Archive for September, 2011

San Diego Chiropractor Help Patients With Torticollis

Wednesday, September 21st, 2011
It happens to everyone; the experience of waking up with neck pain is remarkably debilitating. Medically known as adult torticollis, this condition occurs more frequently than you think and is profoundly annoying. You go to bed feeling fine, and you wake up unable to turn your head without pain. There are some common things that cause this condition, and some simple things you can do to ease your suffering.

Overnight you have little control over the circumstances in which you sleep. You may unintentionally place your head in an abnormal position. The temperature may drop and cause neck muscles to spasm. Unusual activities the day before may have put a strain on your neck. Regardless of the exact source, you wake up with muscles that have tightened to the point of immobility. When the muscles lock up, they cause the facet joints of the vertebrae to jam against one another. The small muscles that control movement along these joints get tighter and the cycle repeats itself. It becomes a vicious circle until you get the neck muscles to relax.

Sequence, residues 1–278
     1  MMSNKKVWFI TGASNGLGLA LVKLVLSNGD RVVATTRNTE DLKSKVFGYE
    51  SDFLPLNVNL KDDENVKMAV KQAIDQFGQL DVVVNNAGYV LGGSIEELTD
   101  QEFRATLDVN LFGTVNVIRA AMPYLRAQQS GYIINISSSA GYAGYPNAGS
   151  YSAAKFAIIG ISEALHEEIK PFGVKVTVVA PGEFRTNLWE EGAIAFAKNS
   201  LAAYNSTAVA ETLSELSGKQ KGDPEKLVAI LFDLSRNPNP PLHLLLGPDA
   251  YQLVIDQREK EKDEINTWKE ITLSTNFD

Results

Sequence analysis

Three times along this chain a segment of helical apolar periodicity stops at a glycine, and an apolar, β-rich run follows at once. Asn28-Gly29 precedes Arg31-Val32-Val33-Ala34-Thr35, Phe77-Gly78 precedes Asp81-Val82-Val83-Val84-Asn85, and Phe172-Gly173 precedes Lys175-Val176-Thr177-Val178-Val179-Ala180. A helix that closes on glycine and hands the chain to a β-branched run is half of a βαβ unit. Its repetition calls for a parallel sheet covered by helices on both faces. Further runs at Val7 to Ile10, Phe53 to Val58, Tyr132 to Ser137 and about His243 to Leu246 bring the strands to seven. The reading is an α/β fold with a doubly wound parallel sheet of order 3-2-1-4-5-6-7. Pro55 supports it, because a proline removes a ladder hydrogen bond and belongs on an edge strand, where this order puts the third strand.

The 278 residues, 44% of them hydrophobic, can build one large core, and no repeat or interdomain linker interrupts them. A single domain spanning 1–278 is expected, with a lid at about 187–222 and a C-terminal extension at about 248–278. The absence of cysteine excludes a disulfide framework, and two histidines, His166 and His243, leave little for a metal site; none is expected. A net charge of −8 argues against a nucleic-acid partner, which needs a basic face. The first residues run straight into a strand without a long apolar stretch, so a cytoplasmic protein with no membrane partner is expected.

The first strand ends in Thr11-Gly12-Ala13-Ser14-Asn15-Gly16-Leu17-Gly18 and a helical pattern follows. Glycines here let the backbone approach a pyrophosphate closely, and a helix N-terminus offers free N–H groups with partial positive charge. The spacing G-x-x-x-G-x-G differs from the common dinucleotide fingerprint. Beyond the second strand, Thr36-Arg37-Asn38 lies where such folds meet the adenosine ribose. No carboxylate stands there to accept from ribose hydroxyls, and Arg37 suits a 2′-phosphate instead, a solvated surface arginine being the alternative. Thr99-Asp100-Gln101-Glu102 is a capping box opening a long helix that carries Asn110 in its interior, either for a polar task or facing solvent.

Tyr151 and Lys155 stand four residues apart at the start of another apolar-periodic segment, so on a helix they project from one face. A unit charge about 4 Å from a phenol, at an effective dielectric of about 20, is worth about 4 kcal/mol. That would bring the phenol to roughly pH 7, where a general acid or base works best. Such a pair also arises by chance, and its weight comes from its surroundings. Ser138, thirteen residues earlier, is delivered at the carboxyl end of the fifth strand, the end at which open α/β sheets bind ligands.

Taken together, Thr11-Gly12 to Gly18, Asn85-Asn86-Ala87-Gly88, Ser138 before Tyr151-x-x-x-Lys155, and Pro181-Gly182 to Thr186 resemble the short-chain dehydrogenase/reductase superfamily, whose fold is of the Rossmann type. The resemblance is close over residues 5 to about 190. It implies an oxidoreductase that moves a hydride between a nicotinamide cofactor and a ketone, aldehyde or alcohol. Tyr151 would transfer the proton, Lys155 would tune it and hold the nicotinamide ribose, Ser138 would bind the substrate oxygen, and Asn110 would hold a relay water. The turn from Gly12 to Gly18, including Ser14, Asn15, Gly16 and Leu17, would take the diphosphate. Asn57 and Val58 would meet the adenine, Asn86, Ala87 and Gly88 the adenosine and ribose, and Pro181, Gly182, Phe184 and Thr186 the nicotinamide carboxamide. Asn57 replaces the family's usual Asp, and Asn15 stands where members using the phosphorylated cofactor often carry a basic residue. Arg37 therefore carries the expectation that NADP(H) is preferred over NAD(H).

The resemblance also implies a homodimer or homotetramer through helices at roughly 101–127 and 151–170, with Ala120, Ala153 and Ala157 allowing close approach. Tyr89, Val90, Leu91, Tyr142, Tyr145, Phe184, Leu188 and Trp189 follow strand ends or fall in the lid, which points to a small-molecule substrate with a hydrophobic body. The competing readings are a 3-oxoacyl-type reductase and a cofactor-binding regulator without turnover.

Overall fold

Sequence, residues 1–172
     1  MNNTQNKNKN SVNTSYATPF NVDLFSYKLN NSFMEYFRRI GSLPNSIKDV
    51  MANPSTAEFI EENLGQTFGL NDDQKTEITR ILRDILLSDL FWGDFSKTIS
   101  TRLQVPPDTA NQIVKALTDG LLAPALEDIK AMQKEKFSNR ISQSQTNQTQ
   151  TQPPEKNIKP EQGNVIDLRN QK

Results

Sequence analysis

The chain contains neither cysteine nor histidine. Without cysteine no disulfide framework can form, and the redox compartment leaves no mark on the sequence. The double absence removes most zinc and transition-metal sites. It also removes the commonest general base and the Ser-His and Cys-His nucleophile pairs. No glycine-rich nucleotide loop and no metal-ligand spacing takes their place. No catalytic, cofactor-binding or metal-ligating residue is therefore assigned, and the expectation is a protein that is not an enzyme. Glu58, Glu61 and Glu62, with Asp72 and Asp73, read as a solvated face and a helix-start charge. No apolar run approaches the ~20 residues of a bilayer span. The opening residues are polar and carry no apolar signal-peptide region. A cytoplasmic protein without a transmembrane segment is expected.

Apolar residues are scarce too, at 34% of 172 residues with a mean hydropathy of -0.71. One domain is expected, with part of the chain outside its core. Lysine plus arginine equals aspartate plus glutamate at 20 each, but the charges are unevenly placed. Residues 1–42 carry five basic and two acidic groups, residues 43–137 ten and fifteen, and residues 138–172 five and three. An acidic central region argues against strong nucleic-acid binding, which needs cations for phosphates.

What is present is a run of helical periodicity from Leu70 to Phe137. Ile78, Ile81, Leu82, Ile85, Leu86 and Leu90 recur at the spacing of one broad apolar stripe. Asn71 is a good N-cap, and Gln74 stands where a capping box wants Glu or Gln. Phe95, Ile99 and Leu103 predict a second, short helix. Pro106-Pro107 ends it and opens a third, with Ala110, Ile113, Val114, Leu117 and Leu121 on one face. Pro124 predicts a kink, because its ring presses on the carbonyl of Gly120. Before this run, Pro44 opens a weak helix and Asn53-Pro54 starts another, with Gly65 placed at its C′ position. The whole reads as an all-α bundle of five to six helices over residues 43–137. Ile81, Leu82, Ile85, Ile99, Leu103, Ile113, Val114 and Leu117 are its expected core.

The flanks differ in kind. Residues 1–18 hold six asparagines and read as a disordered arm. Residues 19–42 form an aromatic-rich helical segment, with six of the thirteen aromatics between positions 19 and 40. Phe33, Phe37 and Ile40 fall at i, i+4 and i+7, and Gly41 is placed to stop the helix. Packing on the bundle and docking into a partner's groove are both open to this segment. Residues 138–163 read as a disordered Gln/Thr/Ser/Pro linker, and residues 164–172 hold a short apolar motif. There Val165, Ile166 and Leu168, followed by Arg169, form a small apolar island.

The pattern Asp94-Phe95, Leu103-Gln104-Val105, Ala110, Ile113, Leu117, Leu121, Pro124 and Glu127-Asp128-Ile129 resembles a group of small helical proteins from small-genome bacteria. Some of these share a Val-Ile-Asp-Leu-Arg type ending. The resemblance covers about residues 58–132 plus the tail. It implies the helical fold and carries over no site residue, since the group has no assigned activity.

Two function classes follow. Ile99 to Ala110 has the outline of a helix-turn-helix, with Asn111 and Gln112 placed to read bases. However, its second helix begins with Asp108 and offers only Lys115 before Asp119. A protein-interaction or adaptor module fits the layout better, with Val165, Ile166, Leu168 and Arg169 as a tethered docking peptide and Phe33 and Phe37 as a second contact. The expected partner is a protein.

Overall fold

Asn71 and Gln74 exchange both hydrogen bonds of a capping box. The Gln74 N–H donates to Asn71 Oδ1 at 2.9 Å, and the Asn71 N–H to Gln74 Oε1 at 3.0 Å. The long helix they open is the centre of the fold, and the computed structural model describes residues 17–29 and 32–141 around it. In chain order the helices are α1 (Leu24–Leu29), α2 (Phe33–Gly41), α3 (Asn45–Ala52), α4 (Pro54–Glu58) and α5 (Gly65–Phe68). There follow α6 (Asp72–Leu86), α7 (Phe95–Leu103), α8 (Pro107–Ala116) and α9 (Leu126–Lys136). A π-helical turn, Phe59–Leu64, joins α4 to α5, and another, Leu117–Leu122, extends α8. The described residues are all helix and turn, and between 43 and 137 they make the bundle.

Among one of the more common forms of neck pain, torticollis, also known as wry neck, is when one's neck feels stiff and experiences spasms that make the neck tilt to one side. Torticollis can be either congenital or acquired, with the former being somewhat rarer compared to the latter. It is often diagnosed in very young children but there have been cases of it presenting in adults who were probably not diagnosed in their youth. The most common treatment given for congenital torticollis is physical therapy that allows the affected area to be stretched, strengthened, and handled. 

If you catch the problem right at the beginning, you will have a better chance of a quick solution. Ice and anti-inflammatory medications will help combat the pain and inflammation for the first 24 hours.  If the spasm remains active for more than 48 hours, you may want to consider physical therapy, massage, and chiropractic. A chiropractor is trained in maintaining proper range of motion and function in your muscles and joints. With a variety of passive and isometric exercises, a chiropractor can help your neck muscles "reset" and resume full motion. 

A normal course of chiropractic treatment for torticollis involves 3-4 sessions. Overtime, the joints and muscles will return to place and relax. Barring an unusual trigger, almost all cases of torticollis are resolved successfully in a matter of a couple of weeks, at the most. While very painful and generally annoying, torticollis or neck pain isn't a serious situation. It is important to correct torticollis early on so as to avoid any facial asymmetry or undue lingering neck pain.